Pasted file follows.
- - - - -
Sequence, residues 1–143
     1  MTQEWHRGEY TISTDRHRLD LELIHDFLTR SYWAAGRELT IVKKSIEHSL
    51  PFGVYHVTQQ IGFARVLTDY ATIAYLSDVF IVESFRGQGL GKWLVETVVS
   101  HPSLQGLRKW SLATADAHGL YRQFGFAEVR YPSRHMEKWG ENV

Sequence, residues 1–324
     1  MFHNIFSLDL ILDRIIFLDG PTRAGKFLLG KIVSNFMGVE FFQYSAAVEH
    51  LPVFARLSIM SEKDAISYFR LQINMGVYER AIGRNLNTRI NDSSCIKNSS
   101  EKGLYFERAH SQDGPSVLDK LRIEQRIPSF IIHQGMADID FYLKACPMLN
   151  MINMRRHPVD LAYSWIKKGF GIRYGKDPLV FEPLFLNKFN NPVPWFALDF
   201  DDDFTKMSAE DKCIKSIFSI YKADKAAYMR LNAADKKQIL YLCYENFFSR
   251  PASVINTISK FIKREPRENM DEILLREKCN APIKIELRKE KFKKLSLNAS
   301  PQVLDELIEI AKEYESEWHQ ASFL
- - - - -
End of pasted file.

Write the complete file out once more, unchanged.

Sequence, residues 1–143
     1  MTQEWHRGEY TISTDRHRLD LELIHDFLTR SYWAAGRELT IVKKSIEHSL
    51  PFGVYHVTQQ IGFARVLTDY ATIAYLSDVF IVESFRGQGL GKWLVETVVS
   101  HPSLQGLRKW SLATADAHGL YRQFGFAEVR YPSRHMEKWG ENV

Sequence, residues 1–324
     1  MFHNIFSLDL ILDRIIFLDG PTRAGKFLLG KIVSNFMGVE FFQYSAAVEH
    51  LPVFARLSIM SEKDAISYFR LQINMGVYER AIGRNLNTRI NDSSCIKNSS
   101  EKGLYFERAH SQDGPSVLDK LRIEQRIPSF IIHQGMADID FYLKACPMLN
   151  MINMRRHPVD LAYSWIKKGF GIRYGKDPLV FEPLFLNKFN NPVPWFALDF
   201  DDDFTKMSAE DKCIKSIFSI YKADKAAYMR LNAADKKQIL YLCYENFFSR
   251  PASVINTISK FIKREPRENM DEILLREKCN APIKIELRKE KFKKLSLNAS
   301  PQVLDELIEI AKEYESEWHQ ASFL